I received this question multiple times. The short answer is NO. No, you don’t have to.
But here’s a longer caveat: you can think about music theory when you’re writing. And if you do, it’ll help you solve songwriting problems faster and steer your song to a direction that you want to take it.
Note that music theory is primarily an analysis tool. It helps you figure out what’s going on — whatever is already going on. Do you draw with a ruler? No, but a ruler can help if you need your drawing to meet some specific requirements.
Really, I doubt that any songwriter thinks about theory when you’re in that creative zone, following a muse and unraveling a song-in-making. You don’t stop and think about whether the melody is a pentatonic scale or if the chord belongs in the key of E. Until you run into a problem.
For example, you have a verse-like snippet in G and a chorus-like snippet in E. How will you go from one to the other and back while still creating that sense of arrival that any self-respecting chorus should have?
Music theory can help you with that. You can try B, A, F#, F#m, F, or D, depending on what other chords are in the G snippets and what kind of feel is appropriate for setting up the E.
Or you have these weird but cool chord progression and you don’t know where to even begin as far as the melody is concerned?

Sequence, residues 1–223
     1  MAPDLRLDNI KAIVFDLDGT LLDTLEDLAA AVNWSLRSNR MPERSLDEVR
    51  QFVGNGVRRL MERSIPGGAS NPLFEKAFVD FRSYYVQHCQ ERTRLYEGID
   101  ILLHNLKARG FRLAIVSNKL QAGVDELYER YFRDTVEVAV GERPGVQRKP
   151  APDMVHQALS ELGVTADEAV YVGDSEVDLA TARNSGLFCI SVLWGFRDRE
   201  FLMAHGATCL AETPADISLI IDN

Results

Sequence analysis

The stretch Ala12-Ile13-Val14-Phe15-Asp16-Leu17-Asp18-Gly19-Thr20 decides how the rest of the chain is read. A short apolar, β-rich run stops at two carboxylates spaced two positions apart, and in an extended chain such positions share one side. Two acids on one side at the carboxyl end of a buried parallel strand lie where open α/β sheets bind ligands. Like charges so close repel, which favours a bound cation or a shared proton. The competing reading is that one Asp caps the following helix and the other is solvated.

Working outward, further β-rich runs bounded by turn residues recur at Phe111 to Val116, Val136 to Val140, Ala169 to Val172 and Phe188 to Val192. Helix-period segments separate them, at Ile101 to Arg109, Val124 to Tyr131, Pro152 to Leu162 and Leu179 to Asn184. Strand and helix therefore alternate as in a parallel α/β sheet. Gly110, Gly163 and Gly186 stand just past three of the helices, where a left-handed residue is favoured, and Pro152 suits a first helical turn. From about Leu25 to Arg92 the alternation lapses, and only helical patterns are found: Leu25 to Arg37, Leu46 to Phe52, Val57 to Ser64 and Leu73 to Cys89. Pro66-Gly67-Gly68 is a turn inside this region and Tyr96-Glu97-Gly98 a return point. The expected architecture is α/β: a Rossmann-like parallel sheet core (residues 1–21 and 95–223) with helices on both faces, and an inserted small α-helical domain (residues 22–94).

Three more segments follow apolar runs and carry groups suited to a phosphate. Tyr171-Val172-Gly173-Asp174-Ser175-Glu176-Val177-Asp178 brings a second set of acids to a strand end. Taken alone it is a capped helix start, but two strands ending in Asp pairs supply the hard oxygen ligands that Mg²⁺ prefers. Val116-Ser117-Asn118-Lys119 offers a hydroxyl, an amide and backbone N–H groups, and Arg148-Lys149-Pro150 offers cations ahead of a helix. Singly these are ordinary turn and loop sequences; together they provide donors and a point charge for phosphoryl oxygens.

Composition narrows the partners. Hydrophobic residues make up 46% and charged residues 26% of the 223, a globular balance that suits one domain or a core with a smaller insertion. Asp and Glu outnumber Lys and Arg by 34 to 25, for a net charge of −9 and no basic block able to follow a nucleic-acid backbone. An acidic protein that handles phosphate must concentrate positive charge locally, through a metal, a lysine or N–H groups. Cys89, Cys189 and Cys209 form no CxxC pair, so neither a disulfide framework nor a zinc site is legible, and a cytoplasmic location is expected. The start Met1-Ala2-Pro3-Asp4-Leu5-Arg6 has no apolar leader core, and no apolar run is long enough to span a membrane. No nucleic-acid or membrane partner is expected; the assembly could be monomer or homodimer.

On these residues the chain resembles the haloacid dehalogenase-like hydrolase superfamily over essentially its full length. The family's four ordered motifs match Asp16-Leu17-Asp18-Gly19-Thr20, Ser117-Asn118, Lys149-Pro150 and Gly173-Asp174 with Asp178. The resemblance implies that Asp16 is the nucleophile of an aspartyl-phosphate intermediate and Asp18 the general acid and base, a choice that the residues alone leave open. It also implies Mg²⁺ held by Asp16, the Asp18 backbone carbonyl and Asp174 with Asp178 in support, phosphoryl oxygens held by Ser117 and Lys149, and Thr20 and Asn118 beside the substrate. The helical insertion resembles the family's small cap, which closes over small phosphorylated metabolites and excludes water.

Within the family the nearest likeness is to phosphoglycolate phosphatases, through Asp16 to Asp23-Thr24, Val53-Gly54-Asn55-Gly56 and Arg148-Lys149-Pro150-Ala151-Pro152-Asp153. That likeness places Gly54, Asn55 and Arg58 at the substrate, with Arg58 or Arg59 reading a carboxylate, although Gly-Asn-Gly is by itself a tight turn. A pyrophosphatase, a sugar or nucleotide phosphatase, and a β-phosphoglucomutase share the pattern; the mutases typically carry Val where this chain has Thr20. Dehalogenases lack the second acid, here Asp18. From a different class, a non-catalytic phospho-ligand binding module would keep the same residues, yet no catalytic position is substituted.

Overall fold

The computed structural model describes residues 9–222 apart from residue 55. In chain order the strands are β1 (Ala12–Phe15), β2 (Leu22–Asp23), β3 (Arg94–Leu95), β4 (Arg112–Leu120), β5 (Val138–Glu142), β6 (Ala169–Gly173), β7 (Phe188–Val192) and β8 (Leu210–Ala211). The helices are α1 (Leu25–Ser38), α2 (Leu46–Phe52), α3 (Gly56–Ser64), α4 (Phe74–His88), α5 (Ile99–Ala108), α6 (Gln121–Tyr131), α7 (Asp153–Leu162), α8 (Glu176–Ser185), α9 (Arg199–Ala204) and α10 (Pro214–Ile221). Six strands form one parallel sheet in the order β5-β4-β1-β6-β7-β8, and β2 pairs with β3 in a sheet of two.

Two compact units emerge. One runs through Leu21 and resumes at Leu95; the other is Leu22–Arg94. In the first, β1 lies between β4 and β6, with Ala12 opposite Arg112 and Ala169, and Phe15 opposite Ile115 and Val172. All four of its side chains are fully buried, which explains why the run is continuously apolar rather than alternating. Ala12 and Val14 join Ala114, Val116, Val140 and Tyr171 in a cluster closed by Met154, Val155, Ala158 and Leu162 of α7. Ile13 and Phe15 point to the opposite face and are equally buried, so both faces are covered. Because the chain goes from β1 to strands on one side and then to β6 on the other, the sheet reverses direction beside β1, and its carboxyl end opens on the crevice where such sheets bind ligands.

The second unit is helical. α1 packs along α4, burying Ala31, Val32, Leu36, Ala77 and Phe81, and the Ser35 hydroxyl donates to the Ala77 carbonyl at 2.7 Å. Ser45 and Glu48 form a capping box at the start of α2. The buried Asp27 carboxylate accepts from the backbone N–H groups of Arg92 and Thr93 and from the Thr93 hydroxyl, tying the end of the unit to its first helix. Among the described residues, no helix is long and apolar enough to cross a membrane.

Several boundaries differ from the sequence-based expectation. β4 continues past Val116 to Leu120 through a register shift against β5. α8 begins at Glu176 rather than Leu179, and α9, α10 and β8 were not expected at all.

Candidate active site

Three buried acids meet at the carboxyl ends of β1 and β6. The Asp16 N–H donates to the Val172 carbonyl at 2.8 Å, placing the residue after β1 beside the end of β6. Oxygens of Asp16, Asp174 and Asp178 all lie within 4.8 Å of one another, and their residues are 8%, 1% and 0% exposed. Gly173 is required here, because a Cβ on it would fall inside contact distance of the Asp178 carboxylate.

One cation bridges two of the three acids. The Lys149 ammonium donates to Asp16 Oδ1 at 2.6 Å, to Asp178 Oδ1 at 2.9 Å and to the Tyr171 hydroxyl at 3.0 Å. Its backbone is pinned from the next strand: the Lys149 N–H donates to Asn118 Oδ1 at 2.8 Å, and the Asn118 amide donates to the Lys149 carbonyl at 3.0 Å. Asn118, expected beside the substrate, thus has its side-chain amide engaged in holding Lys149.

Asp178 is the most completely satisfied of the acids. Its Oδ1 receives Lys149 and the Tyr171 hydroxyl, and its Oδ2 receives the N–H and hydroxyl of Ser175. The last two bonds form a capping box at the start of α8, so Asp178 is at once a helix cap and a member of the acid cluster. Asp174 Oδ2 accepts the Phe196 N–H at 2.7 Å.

Music theory can help you with that, too. Figure out the notes that make up your chords and use them as the starting points.
So you can see that music theory is a great problem-solver when you’re writing songs. It gives you the power to stitch parts together, create interests in boring bits, and apply appropriate flavors into your songs. Many songwriters think good songs are accidents — hence albums filled with songs of varying qualities, where fillers and hits are as different as night and day. Not every song has to be hit-worthy, of course, but music theory help you ensure that all songs are impactful, they meet the standards you set for yourself as a writer.
In short, you don’t have to know any theory to write great songs — but music theory will give you the ability to make all your songs consistently good, and write them faster. The range of information needed to learn the fundamentals is actually fairly limited. It’s much easier than learning to sing or play an instrument. I even have a handy primer for you — so you have no excuse. Learn them now.
Photo credit: Adrian F.